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Southwestern Saskatchewan

Crop District 3ASW – Coronach, Assiniboia and Ogema areas;
Crop District 3AN – Gravelbourg, Mossbank, Mortlach and Central Butte areas;
Crop District 3B – Kyle, Swift Current, Shaunavon and Ponteix areas;
Crop District 4 – Consul, Maple Creek and Leader areas

For the Period October 10 to 16, 2023

It was another tough year for producers in the southwest. With very few rain events in the region, drought in the southwest limited crop and pasture production this year. Some producers in the region are remarking on the number of years it’s been since they’ve had a big rain. Producers in the southwest were able to both seed and harvest their crops ahead of the rest of the province this year. Despite the growing conditions, producers were still pleased with the yields they were able to maintain this year. With the combines put away, many producers are hoping for lots of rain and snow to help replenish the depleted soil moisture levels.

Crop yields in the region are less than half that of the provincial averages with the depleted soil moisture levels taking their tolls on seeded crops. The majority of crops are within the top-quality two quality ratings.

Minimal moisture was received this year, with the overall precipitation ranging from 104 mm to 282 mm. Topsoil moisture for the region has been depleted this year. Producers are hoping rain and snow can help fill the soil moisture levels before the next growing season. Thirteen per cent of cropland has adequate topsoil moisture, 50 per cent is short, and 37 per cent is very short. Eleven per cent of hay and pasture have adequate topsoil moisture, 52 per cent is short, and 37 per cent is very short.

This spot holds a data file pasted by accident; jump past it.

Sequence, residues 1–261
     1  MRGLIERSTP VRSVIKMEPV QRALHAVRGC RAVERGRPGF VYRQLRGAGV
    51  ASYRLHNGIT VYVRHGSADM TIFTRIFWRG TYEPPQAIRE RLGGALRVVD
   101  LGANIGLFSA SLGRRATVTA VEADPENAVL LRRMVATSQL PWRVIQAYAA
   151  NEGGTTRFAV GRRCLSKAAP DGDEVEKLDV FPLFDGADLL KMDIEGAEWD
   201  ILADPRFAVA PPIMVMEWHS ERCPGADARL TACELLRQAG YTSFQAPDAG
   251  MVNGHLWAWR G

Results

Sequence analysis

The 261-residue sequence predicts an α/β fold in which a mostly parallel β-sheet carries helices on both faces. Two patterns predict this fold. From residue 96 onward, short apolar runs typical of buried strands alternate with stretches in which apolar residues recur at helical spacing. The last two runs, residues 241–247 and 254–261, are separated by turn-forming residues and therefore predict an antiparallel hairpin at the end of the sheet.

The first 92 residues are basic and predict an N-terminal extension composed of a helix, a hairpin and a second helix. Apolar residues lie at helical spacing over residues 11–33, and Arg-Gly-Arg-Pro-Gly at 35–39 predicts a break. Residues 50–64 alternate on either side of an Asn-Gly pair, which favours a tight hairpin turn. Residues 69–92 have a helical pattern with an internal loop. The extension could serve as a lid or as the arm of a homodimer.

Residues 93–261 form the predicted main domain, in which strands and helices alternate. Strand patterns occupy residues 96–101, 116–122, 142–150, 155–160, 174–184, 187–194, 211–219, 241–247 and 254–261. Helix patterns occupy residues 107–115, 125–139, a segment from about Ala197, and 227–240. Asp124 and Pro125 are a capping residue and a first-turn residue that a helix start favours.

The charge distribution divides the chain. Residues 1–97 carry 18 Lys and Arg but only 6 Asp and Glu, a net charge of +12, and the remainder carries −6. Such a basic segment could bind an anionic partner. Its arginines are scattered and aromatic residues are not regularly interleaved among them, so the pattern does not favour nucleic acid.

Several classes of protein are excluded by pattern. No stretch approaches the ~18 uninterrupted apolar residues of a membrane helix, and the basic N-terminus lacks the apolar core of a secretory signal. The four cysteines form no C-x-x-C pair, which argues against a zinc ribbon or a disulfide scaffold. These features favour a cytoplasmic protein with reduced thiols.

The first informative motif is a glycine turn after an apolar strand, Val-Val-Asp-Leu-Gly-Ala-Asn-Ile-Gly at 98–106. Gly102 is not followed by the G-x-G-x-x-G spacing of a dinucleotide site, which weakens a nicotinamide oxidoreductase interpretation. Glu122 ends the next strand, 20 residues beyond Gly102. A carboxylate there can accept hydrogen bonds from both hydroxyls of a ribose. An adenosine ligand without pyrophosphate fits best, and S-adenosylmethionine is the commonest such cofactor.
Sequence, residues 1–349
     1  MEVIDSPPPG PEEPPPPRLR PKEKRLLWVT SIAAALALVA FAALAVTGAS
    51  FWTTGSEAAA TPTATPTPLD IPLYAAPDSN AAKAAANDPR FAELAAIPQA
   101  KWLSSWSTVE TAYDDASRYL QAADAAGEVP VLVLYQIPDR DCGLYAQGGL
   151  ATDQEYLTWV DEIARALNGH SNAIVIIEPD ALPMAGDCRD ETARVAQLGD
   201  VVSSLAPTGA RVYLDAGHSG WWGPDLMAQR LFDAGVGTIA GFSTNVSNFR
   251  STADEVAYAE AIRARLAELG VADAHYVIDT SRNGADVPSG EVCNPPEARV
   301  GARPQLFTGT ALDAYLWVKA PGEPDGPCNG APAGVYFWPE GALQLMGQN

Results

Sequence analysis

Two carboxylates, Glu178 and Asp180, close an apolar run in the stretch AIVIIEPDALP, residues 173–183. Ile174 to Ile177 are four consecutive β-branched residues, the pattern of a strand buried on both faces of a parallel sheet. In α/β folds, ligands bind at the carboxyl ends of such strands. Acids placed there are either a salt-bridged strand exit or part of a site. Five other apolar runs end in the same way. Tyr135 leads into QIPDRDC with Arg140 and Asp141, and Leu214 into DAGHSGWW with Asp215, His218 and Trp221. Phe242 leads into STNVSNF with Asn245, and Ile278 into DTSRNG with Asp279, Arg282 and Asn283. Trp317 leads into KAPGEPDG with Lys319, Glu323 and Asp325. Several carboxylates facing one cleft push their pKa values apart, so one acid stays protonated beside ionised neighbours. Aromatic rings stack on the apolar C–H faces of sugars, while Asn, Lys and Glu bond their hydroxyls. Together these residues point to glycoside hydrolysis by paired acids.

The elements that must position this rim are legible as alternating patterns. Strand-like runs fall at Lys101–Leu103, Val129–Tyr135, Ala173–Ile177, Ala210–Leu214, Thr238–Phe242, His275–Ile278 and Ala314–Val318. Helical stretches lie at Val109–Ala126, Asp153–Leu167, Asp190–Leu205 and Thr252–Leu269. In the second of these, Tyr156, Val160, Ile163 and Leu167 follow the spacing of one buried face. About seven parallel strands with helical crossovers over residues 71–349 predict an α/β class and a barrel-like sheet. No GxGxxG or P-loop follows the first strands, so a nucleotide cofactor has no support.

The dry conditions this year have caused producers to closely look at their feed supplies and have forced some producers to source feed from other regions. The majority of producers feel their winter feed supplies are adequate, but some are still facing shortages. Producers are now anticipating an increase in their fall cereal acres in the hopes of ensuring feed availability next year. This year, hay was of good to poor quality, with alfalfa yielding 0.56 tons per acre, brome/alfalfa yielding 0.64 tons per acre and greenfeed yielding 1.03 tons per acre. Irrigated hay yielded better, with alfalfa yielding 3.2 tons per acre, and brome/alfalfa yielding 2.1 tons per acre. Silage yielded 3.6 tons per acre.

With the crops off and the combines away, producers are working their fields to control weed populations, harrowing and rock picking. Producers are also hauling feed and water to livestock, marketing their animals and preparing for winter.

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